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continuing to pay their board. After 1856 neither of the children ever resided in the state of New York. On January 18, 1860, their aunt was married to Benjamin H. Micou, of Montgomery, in the state of Alabama, and the children and their grandmother thereafter lived with Mr. and Mrs. Micou at Montgomery, and the children were educated and supported at Mr. Micou's expense. From 1855 to 1859 Lamar resided partly in Georgia and partly in New York. In the spring of 1861 he had a temporary residence in the city of New York, and upon the breaking out of the war of the rebellion, and after removing all his own property, left New York, and passed through the lines to Savannah, and there resided, sympathizing with the rebellion, and doing what he could to accomplish its success, until January, 1865, and continued to have his residence in Savannah until 1872 or 1873, when he went to New York again, and afterwards lived there. Mr. and Mrs. Micou also sympathized with the rebellion and desired its success, and each of them, as well as Lamar, failed during the rebellion to bear true allegiance to the United States.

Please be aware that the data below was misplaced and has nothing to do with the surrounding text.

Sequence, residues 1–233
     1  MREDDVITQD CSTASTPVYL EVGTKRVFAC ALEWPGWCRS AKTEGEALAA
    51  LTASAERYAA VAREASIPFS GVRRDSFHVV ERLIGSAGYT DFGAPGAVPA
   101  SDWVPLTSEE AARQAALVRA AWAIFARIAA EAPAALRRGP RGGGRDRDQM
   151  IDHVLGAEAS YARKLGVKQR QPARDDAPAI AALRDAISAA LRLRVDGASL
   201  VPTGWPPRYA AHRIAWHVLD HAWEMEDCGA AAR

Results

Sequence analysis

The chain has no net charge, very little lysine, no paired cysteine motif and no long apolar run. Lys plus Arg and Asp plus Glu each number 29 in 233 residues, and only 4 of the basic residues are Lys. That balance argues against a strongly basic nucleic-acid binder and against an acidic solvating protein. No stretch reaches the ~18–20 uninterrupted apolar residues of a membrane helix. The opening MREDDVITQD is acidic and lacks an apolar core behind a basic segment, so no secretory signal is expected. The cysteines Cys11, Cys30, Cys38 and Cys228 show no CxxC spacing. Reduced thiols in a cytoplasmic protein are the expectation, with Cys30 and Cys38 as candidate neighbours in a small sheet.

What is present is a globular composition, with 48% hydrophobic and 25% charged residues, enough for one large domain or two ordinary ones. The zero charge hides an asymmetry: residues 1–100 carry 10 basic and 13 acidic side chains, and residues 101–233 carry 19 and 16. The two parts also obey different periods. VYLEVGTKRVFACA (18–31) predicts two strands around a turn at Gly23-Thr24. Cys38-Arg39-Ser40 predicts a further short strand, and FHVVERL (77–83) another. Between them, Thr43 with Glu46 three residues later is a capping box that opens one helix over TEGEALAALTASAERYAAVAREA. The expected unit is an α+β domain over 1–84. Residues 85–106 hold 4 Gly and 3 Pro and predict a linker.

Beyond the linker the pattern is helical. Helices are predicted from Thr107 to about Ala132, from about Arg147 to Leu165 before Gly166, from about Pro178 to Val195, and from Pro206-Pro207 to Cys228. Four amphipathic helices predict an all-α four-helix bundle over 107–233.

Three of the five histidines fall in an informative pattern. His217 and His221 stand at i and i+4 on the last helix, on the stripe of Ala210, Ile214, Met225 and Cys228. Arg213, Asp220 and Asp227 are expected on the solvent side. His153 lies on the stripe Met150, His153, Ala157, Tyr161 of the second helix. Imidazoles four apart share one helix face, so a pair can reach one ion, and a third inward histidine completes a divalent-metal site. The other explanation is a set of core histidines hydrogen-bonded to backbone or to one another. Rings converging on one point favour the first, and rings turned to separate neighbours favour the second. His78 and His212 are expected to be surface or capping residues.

At the time of Lamar's appointment as guardian, 10 shares in the stock of the Mechanics' Bank of Augusta, in the state of Georgia, which had belonged to William W. Sims in his life-time, stood on the books of the bank in the name of Mrs. Abercrombie as his administratrix, of which one-third belonged to her as his widow, and one-third to each of the infants. In January, 1856, the bank refused a request of Lamar to transfer one-third of that stock to him as guardian of each infant, but afterwards paid to him as guardian, from time to time, two-thirds of the dividends during the life of Mrs. Abercrombie, and all the dividends after her death until 1865. During the period last named, he also received as guardian the dividends on some other bank stock in Savannah, which Mrs. Abercrombie owned, and to which, on her death, her husband became entitled. Certain facts, relied on as showing that he, immediately after his wife's death, made a surrender of her interest in the bank shares to Lamar, as guardian of her children, are not material to the understanding of the decision of this court, but are recapitulated in the opinion of the circuit court. 7 Fed. Rep. 180-185. In the winter of 1861-62, Lamar, fearing that the stock in the Bank of the Republic at New York, held by him as guardian, would be confiscated by the United States, had it sold by a friend in New York; the proceeds of the sale, which were about 20 per cent. less than the par value of the stock, invested at New York in guarantied bonds of the cities of New Orleans, Memphis, and Mobile, and of the East Tennessee & Georgia Railroad Company; and those bonds deposited in a bank in Canada. Lamar from time to time invested the property of his wards, that was within the so-called Confederate states, in whatever seemed to him to be the most secure and safe—some in Confederate states bonds, some in the bonds of the individual states which composed the confederacy, and some in bonds of cities, and of railroad corporations, and stock of banks within those states. On the money of his wards, accruing from dividends on bank stock, and remaining in his hands, he charged himself with interest until the summer of 1862, when, with the advice and aid of Mr. Micou, he invested $7,000 of such money in bonds of the Confederate states and of the state of Alabama; and in 1863, with the like advice and aid, sold the Alabama bonds for more than he had paid for them, and invested the proceeds also in Confederate states bonds; charged his wards with the money paid, and credited them with the bonds; and placed the bonds in the hands of their grandmother, who gave him a receipt for them and held them till the end of the rebellion, when they, as well as the stock in the banks at Savannah, became worthless.